Mutaib bin Abdullah bin Abdulaziz

Mutaib bin Abdullah bin Abdulaziz Al rose in rank to serve as Saudi Arabia Minister of the National Guard, head of the military of the National Guard and Commander of King Khalid Military and the National Guard Military Colleges.

Saudi National Guard Minister Mutaib bin Abdullah bin Abdulaziz walks with Britain's Prince Charles in Riyadh airport

Early Life and Education

Prince Mutaib, one of 34 children and the third son was born to King Abdullah and Munira Al Otaishan in
Riyadh on 26 March 1952.

Prince Mutaib attended Taif-Barmana School in Lebanon and secondary education in Jeddah. The prince proceeded to Royal Military Academy Sandhurst and graduated as Lieutenant in 1974 and to King Khalid Military College for master’s degree.

Rise in Ranks Career

Prince Mutaib career kicked off as head of the commission charged with the responsibility to review the military college curriculum. In 1983, King Fahd promoted Captain Mutaib to the rank of Colonel and was also appointed him Commander of King Khalid Military City.

Mutaib bin Abdullah has exceptional leadership qualities which set the prince in a class of his own among the second generation princes. The Prince takes low profile political status to advance his father’s conservative doctrine in addition to tribal bonds.
Prince Mutaib, the ambitious knowledgeable and highly competent commanding officer with strong professional ties to the U.S. military is touted as possible contender for the highest office in the land.

Colonel Prince Mutaib quickly rose in ranks from deputy head of the military under the chairmanship of the National Guard to Commander of King Khalid Military and the National Guard Military Colleges.

King Khalid Military City (KKMC) a special city in Northern Saudi Arabia served as a unit of the United States Corps of Engineers in the 70s and 80s. This military city named after Saudi King Khalid bin Abdul Aziz, built 60 km South of Hafar Al-Batin City provides lodging for Saudi brigade troops with capacity population of 65,000 people.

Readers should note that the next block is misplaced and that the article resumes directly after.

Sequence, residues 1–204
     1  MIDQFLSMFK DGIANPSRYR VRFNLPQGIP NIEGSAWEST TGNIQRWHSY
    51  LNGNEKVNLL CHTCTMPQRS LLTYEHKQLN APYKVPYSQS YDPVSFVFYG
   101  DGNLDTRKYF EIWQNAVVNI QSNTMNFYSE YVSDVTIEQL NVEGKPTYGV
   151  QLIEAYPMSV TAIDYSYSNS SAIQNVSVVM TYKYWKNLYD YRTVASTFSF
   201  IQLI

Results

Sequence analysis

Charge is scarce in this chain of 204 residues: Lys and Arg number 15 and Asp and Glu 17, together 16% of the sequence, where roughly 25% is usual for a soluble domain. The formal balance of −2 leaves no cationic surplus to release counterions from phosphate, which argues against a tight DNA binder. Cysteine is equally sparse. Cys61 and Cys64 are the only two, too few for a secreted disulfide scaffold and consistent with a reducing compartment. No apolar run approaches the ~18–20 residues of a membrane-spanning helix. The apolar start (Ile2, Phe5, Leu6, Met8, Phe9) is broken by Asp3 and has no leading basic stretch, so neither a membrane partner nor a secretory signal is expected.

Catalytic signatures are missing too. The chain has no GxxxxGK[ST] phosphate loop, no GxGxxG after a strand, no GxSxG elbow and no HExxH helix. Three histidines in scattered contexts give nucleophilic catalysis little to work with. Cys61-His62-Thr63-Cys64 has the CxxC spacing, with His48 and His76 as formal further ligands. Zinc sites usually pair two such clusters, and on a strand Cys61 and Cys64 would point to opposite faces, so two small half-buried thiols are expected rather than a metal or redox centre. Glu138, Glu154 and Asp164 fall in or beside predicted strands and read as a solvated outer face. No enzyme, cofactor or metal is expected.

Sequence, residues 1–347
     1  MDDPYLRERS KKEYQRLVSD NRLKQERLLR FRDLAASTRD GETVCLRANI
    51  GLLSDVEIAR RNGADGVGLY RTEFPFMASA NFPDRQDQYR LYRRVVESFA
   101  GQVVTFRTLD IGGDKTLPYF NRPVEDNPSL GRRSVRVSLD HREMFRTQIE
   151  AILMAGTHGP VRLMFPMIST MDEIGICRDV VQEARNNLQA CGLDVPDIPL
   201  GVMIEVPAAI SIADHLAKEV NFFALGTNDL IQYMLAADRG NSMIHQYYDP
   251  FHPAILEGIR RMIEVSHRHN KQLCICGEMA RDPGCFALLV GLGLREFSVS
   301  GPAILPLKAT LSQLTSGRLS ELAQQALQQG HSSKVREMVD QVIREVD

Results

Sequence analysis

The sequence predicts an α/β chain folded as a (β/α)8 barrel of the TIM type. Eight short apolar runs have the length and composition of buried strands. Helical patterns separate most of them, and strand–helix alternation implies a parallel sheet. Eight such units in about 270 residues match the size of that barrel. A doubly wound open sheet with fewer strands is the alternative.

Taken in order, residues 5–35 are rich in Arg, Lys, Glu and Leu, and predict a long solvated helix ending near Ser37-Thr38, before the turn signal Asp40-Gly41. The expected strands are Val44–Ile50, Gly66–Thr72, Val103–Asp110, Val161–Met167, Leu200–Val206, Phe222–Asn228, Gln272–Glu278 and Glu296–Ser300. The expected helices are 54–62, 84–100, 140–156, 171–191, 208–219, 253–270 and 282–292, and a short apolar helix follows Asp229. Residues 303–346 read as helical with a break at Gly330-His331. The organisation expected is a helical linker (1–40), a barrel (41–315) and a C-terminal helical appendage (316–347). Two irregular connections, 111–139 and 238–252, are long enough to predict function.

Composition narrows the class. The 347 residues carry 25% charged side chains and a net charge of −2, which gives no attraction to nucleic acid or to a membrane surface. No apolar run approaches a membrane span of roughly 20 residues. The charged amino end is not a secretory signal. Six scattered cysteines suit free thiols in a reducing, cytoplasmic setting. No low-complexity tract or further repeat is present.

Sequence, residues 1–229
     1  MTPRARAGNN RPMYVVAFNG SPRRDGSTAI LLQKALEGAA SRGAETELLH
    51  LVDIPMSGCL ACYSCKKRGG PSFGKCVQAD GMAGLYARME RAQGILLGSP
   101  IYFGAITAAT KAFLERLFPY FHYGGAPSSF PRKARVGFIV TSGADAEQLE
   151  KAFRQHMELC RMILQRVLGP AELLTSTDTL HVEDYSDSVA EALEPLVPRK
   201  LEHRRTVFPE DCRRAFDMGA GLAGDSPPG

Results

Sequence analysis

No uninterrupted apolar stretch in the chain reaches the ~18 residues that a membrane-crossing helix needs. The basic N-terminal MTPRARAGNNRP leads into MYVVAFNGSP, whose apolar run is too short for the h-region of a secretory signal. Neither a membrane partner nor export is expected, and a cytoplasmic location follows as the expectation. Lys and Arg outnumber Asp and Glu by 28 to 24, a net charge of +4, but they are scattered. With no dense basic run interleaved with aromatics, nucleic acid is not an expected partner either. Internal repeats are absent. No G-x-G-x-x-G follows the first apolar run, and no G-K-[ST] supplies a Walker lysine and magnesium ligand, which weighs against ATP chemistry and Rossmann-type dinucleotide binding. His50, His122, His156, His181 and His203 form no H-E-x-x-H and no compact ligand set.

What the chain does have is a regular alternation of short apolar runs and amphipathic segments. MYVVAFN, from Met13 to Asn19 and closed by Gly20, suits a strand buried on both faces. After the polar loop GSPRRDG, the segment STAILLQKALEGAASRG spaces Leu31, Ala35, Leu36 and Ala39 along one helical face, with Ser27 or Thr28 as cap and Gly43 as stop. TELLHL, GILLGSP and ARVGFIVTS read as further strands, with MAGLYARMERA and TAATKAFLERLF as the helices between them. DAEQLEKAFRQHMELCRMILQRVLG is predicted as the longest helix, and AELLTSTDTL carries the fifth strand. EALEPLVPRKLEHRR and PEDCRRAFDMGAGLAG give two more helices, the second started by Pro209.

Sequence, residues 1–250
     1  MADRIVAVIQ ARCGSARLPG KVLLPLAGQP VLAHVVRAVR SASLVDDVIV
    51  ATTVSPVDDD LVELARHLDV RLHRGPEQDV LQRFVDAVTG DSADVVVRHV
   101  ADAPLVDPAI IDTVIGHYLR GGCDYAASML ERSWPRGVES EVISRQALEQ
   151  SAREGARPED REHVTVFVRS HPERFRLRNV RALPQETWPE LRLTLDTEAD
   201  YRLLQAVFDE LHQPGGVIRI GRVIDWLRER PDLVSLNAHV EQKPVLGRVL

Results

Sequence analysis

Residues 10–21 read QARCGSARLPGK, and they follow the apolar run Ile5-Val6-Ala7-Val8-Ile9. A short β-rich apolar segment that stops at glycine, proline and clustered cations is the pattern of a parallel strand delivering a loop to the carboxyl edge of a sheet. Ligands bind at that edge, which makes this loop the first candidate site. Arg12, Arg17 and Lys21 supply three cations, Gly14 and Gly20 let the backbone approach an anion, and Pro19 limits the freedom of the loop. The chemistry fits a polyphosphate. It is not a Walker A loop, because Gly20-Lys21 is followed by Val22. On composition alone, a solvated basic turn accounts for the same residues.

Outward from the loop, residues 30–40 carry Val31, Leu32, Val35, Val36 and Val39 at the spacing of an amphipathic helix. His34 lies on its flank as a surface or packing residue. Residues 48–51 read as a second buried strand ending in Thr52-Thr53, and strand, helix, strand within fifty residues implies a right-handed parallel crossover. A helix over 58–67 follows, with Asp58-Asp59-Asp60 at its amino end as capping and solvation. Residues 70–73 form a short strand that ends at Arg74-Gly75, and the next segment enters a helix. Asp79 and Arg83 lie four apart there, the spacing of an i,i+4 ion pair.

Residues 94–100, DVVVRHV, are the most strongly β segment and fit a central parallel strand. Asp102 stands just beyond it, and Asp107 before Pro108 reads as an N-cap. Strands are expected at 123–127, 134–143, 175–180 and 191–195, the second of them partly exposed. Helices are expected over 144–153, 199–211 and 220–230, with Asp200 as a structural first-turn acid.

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During the Gulf War, King Khalid Military City was used as military base housing thousands of American and coalition soldiers. Its airport was frequently in use during combat operations, along with bases in Dhahran and Riyadh, Saudi Arabia as rallying points for fuelling and strategy due to proximity to the enemy camp.

This military city also has its own air force base onsite with the same name located south of King Khalid Military City.

King Khalid Military City was fully protected from ballistic missiles by the U.S’s Patriot missile system. On February 21, 1991 Iraq fired three Scud missiles at King Khalid Military City. All of them were destroyed by Patriot interceptors. Prince Muitab was the man of the moment as Commander of King Khalid Military City.

The success behind the Gulf war was due to the ground presence of military power in the Middle East based in Saudi Arabia, and the excellent leadership role of Prince Muitab bin Abdulaziz as Commander in chief of King Khalid Military City, the ground base use for enemy assault.

Today, only a small number of US government personnel still work and live at King Khalid Military City. During the Gulf War it was home to hundreds of US Army Corps engineers and personnel. The Royal Saudi Air Force is one of the top ranked units in the Middle East with ties to US Military training and personnel presence dating back to the Gulf War days.

The Prince rose in military ranks in a short span of time to Team Captain in 1995, and was appointed Deputy Assistant Chief of National Guard with special assignment for military affairs. Along with the new assignment came promotion to the rank of General.

In June 2009, King Abdullah bestowed upon Prince Mutaib deputy commander in the rank of minister of SANG, the country’s military wing responsible for executive affairs. One year later, the prince became the Commander of SANG taking the responsibility from King Abdullah.

Prince Mutaib immediately instituted ambitious plan to reorganize SANG to improve the unit’s firepower and artillery at a cost of $ 3 billion in 2010.

In the same year as the man in charge of National Guard, Prince Mutaib was also appointed cabinet member in the rank of Minister of State. The prince was made vice president of the Supreme Committee of the National Festival for Heritage and Culture and head of the technical committee of the Equestrian Club and a member of the board of directors of King Abdulaziz Public Library.

Business Endeavors

Prince Mutaib served as local representative for Ford Motor Corporation in Saudi Arabia.

Personal life

Prince Mutaib bin Abdullah has six children, three daughters and three sons from his marriage to Jawahir bint Abdallah bin Abdul Rahman Al Abdul Rahman. Prince Abdullah bin Mutaib one of three sons enjoys horse show jumping and has made two Olympic appearances.